Caroline and Fred Wieland are throwing an open garden this weekend for people to see their collection. It’s magnificent.
The Wielands took classes for several years while he worked at the American Embassy in Japan in the late 1960s and early ’70s. Although you shouldn’t ask about a bonsai plant’s age, there are some in their collection that have been groomed for 30-plus years.
You can learn the basics in six to eight hours, but masters of the art spend decades.
There is no such thing as a bonsai tree, Fred explained. Think of the word “bonsai” as a verb instead of adjective. The goal is to train a plant to resemble its full-size version. One could bonsai a magnolia but because of the si ze of the flower, it would be disproportionate.
The approach for bonsai is to be able to bring the plant into the house to enjoy. But it’s not a house plant, Caroline said. It is still a tree that needs to live outdoors.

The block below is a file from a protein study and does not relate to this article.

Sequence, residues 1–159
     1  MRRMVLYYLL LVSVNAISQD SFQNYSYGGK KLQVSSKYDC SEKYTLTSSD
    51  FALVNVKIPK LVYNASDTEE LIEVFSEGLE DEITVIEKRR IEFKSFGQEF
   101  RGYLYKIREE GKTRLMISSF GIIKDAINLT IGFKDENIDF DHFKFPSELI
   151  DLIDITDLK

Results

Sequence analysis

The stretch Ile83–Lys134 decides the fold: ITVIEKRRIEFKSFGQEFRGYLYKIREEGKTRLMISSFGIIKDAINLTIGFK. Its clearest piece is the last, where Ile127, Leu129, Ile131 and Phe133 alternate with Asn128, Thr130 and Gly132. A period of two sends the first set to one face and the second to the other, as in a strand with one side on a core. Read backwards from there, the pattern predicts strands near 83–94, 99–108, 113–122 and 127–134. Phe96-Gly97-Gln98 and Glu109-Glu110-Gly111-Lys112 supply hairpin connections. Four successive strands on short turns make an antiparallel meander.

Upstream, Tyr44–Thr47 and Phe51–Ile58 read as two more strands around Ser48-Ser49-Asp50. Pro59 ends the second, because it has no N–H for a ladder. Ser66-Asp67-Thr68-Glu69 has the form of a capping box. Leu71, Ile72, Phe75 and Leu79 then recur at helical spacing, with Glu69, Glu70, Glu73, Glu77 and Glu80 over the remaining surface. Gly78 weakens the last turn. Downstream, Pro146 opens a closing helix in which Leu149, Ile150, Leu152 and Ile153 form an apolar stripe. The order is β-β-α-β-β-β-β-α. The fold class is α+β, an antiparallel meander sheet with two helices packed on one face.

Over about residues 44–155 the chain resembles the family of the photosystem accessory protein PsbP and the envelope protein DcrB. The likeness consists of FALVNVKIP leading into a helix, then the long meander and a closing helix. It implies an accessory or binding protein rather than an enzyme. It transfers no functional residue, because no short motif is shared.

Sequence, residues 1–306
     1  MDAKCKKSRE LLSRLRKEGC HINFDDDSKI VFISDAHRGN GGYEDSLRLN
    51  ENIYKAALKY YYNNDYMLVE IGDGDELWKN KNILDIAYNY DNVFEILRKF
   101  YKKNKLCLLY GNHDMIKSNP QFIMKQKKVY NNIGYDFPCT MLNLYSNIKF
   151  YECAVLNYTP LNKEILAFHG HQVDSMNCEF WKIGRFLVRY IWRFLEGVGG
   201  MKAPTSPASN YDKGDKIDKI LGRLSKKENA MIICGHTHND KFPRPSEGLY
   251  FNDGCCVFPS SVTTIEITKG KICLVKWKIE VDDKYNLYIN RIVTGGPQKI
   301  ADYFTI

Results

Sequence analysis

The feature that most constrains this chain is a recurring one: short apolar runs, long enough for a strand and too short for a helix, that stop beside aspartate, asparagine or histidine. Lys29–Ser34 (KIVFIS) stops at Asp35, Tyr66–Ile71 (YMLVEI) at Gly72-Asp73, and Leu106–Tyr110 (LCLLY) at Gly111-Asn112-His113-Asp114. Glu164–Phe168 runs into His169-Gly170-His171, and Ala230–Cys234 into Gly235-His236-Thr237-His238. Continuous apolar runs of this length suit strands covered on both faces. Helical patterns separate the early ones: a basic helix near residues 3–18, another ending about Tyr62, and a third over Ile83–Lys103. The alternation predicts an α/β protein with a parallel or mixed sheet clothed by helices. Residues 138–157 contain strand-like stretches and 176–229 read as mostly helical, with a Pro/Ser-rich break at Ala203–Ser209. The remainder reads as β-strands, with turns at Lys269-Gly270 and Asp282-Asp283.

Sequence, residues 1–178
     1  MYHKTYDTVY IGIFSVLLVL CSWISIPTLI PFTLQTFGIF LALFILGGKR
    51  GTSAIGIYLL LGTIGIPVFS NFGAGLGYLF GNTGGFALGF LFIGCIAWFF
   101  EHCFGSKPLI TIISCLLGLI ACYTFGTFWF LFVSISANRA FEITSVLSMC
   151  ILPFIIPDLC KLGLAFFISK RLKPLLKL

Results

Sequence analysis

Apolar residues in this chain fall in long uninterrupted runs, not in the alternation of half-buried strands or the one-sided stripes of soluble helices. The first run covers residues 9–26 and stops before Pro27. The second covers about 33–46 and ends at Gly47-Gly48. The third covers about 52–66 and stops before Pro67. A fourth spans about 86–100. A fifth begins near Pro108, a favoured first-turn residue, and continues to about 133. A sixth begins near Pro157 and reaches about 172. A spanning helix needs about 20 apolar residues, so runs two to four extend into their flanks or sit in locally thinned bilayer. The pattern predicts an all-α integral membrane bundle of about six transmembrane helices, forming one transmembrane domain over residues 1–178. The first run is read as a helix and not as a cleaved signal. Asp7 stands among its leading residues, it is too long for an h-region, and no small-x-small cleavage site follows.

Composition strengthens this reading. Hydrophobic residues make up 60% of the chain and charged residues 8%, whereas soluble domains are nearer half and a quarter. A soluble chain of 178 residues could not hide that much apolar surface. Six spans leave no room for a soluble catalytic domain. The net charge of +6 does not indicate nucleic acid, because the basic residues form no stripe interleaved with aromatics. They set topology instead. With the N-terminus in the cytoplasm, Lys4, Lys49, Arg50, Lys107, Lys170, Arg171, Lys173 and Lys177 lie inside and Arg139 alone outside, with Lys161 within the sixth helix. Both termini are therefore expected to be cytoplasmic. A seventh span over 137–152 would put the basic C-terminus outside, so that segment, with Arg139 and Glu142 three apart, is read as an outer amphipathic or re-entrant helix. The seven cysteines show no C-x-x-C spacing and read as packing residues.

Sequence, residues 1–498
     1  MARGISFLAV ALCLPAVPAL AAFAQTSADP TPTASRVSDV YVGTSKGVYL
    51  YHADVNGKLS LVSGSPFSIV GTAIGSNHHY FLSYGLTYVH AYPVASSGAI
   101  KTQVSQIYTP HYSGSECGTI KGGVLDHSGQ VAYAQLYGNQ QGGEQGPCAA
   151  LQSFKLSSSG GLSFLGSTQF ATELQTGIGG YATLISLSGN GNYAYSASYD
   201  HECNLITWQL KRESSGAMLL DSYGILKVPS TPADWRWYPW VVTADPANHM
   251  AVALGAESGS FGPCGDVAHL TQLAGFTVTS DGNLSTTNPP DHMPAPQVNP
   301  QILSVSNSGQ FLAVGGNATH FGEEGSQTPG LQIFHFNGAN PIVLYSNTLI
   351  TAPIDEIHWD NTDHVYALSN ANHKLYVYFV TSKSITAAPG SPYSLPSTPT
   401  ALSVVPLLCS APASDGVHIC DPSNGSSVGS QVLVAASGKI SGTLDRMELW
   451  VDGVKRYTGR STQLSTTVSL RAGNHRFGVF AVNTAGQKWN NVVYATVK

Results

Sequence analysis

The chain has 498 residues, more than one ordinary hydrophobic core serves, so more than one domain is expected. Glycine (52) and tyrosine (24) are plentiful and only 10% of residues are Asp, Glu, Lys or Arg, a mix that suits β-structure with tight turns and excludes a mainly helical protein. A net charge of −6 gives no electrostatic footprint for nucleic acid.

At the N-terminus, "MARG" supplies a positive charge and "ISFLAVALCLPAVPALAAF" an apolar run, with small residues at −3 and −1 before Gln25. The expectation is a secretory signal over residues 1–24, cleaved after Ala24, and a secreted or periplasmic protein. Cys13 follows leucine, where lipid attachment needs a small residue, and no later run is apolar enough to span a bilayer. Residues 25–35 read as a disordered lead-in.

Bonsai means plant in container. The pots are shallow with large holes, Fred said. To keep the tree healthy, one must trim the top growth and the roots equally. He said most of his trees go into increasingly smaller containers because the roots become more efficient.
The Wielands generally start with a plant that is about 2 years old. The most important factor is the design process – deciding the shape and performing the initial trimming. It can take half an hour to several days to complete.
Once the design is set, it only takes 20 to 30 minutes a year – yes, a year – to shape the plant. There also is watering and fertilizing, but that’s it.
Using wires will shape branches, although you are not to force the plant into an unnatural condition in Japanese bonsai. The wires are only left on for about three months, any longer and the wire will cut into the plant as it grows.